A new study from Murdoch Children’s Research Institute, Victoria, Australia, has found that children with Bell’s palsy could recover within six months without medication.
Bell’s palsy is a type of temporary facial weakness or paralysis where half of the face suddenly droops. The study published in the journal Neurology shows that treatment with steroids has very little effect on children with Bell’s palsy. This path-breaking work may change treatment methodology for the condition in children.
Usually, corticosteroids are given to adults with Bell’s palsy. However, due to limited research among children with the same condition, there is a lack of proper treatment guidelines, and they are often prescribed steroids given to adults.
Bell’s palsy is the third most common condition in children causing a sudden change in nerve function, and 19-21 in 100,000 children are affected by it. What causes Bell’s palsy is still a mystery; however, several studies indicate that a viral infection, reduced blood circulation (vascular ischemia), or weak immunity could trigger the condition.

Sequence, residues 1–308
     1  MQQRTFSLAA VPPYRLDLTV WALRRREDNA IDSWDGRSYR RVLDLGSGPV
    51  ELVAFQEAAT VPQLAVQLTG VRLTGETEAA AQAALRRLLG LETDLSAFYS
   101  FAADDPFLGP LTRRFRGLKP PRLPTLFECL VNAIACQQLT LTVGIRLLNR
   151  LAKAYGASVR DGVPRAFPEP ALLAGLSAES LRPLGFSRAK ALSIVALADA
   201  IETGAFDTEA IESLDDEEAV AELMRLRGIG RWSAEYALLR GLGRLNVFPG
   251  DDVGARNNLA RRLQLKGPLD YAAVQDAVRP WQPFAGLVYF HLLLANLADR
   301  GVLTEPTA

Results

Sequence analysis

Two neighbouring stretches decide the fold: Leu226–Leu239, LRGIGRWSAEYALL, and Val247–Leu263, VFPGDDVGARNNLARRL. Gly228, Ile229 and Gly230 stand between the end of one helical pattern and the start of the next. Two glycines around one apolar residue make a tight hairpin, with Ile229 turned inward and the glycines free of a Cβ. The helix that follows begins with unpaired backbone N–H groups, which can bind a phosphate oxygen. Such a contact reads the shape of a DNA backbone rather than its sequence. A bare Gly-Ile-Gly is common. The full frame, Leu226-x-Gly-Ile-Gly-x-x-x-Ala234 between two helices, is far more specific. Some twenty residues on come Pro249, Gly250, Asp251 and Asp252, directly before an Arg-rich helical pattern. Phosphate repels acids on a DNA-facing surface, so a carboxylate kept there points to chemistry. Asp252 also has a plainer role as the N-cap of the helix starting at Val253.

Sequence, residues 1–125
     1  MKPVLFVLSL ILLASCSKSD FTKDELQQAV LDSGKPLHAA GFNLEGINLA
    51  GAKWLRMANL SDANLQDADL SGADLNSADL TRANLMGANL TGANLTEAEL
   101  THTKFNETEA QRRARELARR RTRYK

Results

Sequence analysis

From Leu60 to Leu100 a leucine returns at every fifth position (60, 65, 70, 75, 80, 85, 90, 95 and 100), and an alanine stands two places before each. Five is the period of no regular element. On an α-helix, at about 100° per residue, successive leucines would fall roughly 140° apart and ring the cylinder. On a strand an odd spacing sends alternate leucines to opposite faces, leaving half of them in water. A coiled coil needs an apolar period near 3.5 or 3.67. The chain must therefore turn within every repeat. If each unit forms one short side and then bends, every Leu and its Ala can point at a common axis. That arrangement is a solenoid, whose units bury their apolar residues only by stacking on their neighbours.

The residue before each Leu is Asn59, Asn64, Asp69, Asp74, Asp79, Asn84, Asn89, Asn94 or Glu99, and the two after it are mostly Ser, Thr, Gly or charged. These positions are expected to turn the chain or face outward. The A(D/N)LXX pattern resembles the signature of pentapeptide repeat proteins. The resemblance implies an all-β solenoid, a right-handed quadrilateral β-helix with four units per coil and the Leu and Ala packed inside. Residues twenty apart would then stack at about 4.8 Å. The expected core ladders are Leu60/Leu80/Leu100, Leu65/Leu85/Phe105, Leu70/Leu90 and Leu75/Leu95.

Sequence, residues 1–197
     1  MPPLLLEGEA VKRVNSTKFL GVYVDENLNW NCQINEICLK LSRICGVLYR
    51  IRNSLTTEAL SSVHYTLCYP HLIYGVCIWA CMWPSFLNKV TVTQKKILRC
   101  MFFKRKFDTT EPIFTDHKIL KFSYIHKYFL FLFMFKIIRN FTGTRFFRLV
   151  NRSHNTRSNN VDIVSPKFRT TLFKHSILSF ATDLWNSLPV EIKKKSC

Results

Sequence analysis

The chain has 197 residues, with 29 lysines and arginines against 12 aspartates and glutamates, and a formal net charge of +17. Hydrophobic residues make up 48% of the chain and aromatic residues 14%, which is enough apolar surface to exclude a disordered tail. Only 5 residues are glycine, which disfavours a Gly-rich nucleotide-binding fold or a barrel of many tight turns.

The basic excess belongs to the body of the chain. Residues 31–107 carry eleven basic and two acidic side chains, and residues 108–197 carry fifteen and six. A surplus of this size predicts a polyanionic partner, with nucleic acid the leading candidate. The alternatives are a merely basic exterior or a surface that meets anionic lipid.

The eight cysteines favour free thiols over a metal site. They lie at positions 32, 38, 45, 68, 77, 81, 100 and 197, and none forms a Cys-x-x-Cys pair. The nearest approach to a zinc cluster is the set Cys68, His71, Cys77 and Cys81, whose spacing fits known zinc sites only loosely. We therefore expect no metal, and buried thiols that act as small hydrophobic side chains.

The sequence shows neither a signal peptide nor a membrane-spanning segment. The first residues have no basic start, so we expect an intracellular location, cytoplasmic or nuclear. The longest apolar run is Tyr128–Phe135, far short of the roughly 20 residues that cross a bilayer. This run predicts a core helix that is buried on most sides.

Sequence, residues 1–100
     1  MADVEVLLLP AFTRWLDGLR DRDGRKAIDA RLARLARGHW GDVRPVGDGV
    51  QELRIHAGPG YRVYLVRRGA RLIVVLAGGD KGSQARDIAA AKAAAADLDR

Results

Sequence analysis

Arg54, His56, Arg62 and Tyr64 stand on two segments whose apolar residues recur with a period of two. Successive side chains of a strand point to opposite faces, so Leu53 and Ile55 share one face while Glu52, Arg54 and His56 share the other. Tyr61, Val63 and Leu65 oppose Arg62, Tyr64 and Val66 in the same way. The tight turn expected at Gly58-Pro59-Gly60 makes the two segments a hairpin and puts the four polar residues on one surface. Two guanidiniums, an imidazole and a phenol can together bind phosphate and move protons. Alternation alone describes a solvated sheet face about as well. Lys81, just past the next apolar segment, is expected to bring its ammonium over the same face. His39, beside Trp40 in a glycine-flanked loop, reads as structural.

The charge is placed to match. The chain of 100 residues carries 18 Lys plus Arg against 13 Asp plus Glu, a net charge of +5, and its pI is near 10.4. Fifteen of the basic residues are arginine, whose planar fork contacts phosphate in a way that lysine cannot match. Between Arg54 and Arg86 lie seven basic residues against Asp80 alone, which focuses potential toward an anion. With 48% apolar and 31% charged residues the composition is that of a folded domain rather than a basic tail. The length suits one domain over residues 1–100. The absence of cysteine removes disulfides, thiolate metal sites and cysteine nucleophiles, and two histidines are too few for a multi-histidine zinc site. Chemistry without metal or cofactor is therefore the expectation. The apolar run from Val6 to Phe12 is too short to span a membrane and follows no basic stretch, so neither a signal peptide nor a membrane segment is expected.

In the present study, researchers conducted a double-blind experiment on 187 children aged six months to 17 years from the Pediatric Research in Emergency Departments International Collaborative (PREDICT) research network in Australia and New Zealand. The participants were recruited within three days after they developed the symptoms. They were randomly divided into two groups: one group was given a steroid (prednisolone) while the other group was on placebo (no drug) for 10 days.
The researchers observed that 57% of those on placebo had recovered facial function in one month, 85% in three months and 93% in six months. Whereas for those who were on steroids, 49% recovered in one month, 90% in three months and 99% in six months. From their observations, the researchers concluded that children with Bell’s palsy could recover without medication.
The lack of evidence on steroid use in children with Bell’s palsy has led to a variable practice in their treatment, says Prof Franz Babl, the lead researcher, in a statement. He adds that early treatment with steroids does not accelerate recovery of Bell’s palsy in children. However, “It will help general practitioners, emergency physicians and paediatricians in their discussion with affected families and make better-informed decisions.”
In adults, if Bell’s palsy is not treated on time, the person may face difficulty swallowing, eating and talking in the long run. Corticosteroids are given to people with Bell’s palsy to reduce inflammation and compression of the facial nerves and bone damage, if any.